Date of Award:
Master of Science (MS)
Terry A. Messmer
Terry A. Messmer
John W. Connelly
R. Douglas Ramsey
The greater sage-grouse (Centrocercus urophasianus; sage-grouse) is a species of conservation concern in Utah and across their range throughout the western US and southern Canada. Sage-grouse decline is primarily a result of declines in sagebrush habitat on which sage-grouse depend for winter, summer, nesting, and brood habitat. Detailed site-specific knowledge of sage-grouse ecology and distribution in needed to effectively conserve the species. To expand knowledge of local populations within the West Box Elder Sage Grouse Management Area (SGMA) in NW Utah and gain insights into the effectiveness of vegetation treatments intended to benefit sage-grouse, I radio marked and tracked 123 (68 female, 55 male) sage-grouse and conducted pellet surveys on 19 conifer reduction projects.
I generated seasonal habitat models to predict seasonal habitat use within the West Box Elder SGMA using vegetation and topographical data coupled with radio telemetry locations to aid in prioritization and optimal placement of sage-grouse habitat improvement projects. Output maps were generated from models that indicated probability of sage-grouse use during brood, nesting, early summer non-breeding, late summer non-breeding, winter and lekking (early spring) periods. In addition, a vegetation disturbance dataset was generated from satellite imagery and available maps for the period from 1985 to 2013. However, disturbance at the above temporal and spatial scale was not an influential predictor of sage-grouse distribution.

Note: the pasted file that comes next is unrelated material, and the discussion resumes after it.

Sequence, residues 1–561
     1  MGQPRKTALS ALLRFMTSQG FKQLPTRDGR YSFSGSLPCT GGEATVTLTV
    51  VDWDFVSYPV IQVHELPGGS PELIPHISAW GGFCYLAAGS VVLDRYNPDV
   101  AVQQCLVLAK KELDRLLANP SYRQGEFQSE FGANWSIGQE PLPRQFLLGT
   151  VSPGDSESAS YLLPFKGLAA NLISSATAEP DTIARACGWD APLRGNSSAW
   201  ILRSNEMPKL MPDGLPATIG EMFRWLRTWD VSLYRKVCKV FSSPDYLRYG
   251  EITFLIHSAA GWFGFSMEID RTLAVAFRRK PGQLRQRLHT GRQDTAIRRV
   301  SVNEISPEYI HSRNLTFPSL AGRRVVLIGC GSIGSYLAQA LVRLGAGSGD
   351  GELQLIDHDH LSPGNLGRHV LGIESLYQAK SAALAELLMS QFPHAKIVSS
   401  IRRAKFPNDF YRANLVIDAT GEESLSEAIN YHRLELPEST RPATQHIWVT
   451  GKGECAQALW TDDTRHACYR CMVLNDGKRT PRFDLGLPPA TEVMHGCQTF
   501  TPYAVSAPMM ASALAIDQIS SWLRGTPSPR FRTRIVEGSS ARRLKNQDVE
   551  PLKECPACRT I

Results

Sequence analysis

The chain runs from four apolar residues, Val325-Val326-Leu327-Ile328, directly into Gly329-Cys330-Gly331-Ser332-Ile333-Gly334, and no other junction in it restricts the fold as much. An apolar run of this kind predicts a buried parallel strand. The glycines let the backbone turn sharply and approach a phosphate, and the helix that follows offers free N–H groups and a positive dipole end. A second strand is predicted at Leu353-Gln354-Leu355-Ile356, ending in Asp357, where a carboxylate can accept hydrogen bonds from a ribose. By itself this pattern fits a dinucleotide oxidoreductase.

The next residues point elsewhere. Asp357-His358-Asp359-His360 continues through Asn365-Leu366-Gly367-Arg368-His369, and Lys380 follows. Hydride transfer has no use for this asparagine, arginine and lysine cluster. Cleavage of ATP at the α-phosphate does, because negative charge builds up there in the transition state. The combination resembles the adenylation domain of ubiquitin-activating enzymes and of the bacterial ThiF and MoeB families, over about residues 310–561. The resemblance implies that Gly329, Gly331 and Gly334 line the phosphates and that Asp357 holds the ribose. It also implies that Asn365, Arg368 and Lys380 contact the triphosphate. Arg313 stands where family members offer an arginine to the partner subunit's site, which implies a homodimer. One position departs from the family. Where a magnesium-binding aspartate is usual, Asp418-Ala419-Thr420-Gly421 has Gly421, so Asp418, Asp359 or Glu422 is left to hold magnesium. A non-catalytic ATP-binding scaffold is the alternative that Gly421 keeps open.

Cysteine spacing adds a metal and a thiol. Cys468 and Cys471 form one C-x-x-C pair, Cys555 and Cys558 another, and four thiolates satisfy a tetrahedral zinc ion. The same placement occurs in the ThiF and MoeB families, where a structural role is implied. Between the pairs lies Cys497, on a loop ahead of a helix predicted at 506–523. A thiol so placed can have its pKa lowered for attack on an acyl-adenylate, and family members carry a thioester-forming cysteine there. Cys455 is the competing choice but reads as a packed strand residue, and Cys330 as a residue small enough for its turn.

Conifer reduction projects are thought to be a cost effective method of restoring habitat to a state useable by sage-grouse in areas that have been invaded by pinyon pine (Pinus spp.) and juniper (Juniperus spp.). However, little information specific to sagegrouse on the effectiveness of conifer reduction is available. I evaluated sage-grouse use of conifer reduction treatments using radio telemetry and fecal pellet surveys within conifer reduction projects. Sage-grouse use was detected in 12 of 19 treatments surveyed. Use was positively associated with sage-grouse presence in adjacent habitat, mesic areas surrounding treatments, and higher shrub cover within treatments. Higher conifer density surrounding a treatment was associated with less use of conifer reduction projects.
Biologists have expressed concerns that differences in individual bird behavior or effects of capture could affect capture probability and bias reported vital rates. I monitored 204 radio-marked sage-grouse within the West Box Elder and Rich-Morgan-Summit SGMAs in Utah between January 2012 and March 2013 to evaluate effects of individual behavior and capture stress on survival and reproductive success. Sage-grouse that flushed one or more times prior to capture had higher brood and annual survival rates than those that did not. Sage-grouse that were handled longer or experienced more capture trauma had decreased survival probabilities. My results suggest researchers need to consider the effects of capture and handling when reporting sage-grouse vital rates obtained through radio-marking
Cook, Avery, "Greater Sage-Grouse Seasonal Habitat Models, Response to Juniper Reduction and Effects of Capture Behavior on Vital Rates, in Northwest Utah" (2015). All Graduate Theses and Dissertations, Spring 1920 to Summer 2023. 4369.
Copyright for this work is retained by the student. If you have any questions regarding the inclusion of this work in the Digital Commons, please email us at .